latakoo has witnessed a phenomenal increase in usage from the onset of the COVID-19 pandemic by its broadcast customers. Customers that include Nexstar Media Group and many other large broadcasters, television stations and production companies use latakoo’s patented technology combined with smart automation to streamline their workflows.
In June 2020, users of the latakoo cloud-based platform, the fastest, easiest, and most secure video workflow on the market, streamed 293% more minutes of footage compared to June 2019. This figure is coupled with a 172% increase in the minutes of footage uploaded and a 189% increase in the number of files streamed. Overall, the company is currently seeing a 127% increase in files uploaded.
Before the pandemic, broadcasters used latakoo primarily to transfer content from one place to another, mostly from the field back to a television station or vice versa. Now almost all broadcasters are doing their jobs remotely. This includes the people who traditionally worked inside a station or production facility, like producers, managers, and news anchors. All these people are now discovering and using latakoo’s full suite of collaboration services. They are watching the video in the latakoo platform as they make decisions on what files need to be cut and what stories will run in their newscasts. This increased usage contributes to the tremendous surge seen in video streaming using latakoo.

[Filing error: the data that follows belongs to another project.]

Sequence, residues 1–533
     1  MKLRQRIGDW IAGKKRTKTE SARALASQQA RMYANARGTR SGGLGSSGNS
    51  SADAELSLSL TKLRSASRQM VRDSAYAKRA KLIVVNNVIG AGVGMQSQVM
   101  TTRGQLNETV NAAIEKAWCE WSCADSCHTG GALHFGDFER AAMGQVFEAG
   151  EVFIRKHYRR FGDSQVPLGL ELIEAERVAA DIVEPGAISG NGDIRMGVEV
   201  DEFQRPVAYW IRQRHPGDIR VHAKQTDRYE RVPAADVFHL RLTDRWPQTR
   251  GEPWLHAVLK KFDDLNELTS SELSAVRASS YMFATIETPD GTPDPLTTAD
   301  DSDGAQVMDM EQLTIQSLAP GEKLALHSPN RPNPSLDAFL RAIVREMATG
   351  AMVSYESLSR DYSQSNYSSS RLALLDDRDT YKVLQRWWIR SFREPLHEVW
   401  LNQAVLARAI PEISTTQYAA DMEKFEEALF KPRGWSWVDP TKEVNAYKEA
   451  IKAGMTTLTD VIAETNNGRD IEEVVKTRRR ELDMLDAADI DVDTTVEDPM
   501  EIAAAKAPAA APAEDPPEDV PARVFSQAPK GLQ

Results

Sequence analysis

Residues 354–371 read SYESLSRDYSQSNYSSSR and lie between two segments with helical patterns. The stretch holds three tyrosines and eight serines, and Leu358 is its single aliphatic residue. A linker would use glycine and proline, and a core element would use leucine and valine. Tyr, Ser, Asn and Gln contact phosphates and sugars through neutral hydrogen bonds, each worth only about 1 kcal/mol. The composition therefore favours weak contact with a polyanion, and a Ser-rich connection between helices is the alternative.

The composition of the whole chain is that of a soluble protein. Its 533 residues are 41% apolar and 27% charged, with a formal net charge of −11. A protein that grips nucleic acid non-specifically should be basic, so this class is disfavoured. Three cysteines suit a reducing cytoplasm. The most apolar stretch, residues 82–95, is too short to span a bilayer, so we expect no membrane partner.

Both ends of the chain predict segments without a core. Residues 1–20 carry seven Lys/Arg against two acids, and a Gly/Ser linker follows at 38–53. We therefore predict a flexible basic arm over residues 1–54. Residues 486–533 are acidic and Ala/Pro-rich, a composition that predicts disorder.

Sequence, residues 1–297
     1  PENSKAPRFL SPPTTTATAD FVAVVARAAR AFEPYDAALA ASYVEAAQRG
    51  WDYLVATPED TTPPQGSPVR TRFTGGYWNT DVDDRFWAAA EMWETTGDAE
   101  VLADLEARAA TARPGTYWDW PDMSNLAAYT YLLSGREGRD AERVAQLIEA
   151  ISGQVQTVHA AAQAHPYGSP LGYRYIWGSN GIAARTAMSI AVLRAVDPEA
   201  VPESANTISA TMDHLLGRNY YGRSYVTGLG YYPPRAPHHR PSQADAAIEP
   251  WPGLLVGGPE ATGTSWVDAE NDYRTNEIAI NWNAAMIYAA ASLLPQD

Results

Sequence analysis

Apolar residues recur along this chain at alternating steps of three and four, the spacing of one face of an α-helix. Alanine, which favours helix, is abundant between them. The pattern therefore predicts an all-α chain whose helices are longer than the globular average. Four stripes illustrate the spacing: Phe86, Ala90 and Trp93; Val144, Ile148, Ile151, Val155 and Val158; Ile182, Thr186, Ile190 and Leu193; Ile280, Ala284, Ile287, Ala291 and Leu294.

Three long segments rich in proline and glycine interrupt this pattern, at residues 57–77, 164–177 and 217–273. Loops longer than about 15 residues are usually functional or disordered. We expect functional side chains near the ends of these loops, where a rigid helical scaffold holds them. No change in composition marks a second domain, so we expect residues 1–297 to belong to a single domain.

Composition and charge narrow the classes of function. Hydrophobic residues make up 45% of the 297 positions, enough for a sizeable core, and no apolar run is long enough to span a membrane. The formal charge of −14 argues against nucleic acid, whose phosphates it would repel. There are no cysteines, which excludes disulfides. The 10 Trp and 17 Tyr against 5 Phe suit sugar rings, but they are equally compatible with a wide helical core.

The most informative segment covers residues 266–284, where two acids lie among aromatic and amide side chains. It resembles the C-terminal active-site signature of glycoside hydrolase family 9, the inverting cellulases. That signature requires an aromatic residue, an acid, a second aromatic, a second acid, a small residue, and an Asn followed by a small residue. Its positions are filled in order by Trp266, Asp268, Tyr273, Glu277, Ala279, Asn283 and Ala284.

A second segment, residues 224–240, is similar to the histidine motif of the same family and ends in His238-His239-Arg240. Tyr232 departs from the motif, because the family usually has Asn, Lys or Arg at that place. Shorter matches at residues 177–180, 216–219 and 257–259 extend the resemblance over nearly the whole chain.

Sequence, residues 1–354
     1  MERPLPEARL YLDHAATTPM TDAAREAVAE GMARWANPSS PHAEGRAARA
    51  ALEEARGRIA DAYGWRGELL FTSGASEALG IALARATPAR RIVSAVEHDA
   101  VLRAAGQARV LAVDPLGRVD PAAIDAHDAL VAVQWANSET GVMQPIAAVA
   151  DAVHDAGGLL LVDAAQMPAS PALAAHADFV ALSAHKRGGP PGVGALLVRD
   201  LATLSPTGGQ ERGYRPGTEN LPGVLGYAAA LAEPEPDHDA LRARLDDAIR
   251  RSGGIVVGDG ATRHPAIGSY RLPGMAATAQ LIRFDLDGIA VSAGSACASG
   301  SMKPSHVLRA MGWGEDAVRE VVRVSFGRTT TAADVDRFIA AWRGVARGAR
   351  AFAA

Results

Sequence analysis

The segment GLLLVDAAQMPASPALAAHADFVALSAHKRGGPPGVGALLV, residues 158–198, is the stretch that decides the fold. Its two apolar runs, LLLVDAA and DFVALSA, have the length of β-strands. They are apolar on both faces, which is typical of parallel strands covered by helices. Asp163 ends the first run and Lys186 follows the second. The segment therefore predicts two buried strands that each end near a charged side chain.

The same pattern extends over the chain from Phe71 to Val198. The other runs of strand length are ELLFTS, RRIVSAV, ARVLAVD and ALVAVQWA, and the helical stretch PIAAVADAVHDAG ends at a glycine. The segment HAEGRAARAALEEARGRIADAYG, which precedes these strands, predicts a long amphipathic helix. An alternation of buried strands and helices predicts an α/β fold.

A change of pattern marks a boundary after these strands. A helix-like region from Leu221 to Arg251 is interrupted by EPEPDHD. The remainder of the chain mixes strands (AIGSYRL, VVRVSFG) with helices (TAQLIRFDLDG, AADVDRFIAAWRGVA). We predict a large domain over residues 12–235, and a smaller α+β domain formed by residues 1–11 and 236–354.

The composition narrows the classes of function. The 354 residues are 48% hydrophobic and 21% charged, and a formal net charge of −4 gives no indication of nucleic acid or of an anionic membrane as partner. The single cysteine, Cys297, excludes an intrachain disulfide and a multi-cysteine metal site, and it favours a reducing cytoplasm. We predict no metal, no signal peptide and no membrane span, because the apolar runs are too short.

Commenting on the increase, Jade Kurian, co-founder and president of latakoo, said: “latakoo is simple to use from a UI perspective. The user doesn’t know, see or feel all the complexities built into the engine, they just have to drag, drop and click start. With that, we connect that user with collaborators, files, stories and assignments. That elegance in design and technology really lends itself to dynamic usage in a time like this and we are gratefully the beneficiaries of this new type of remote collaboration. From the moment the COVID-19 lockdowns started around the world, we started seeing a spike in usage and it hasn’t stopped.”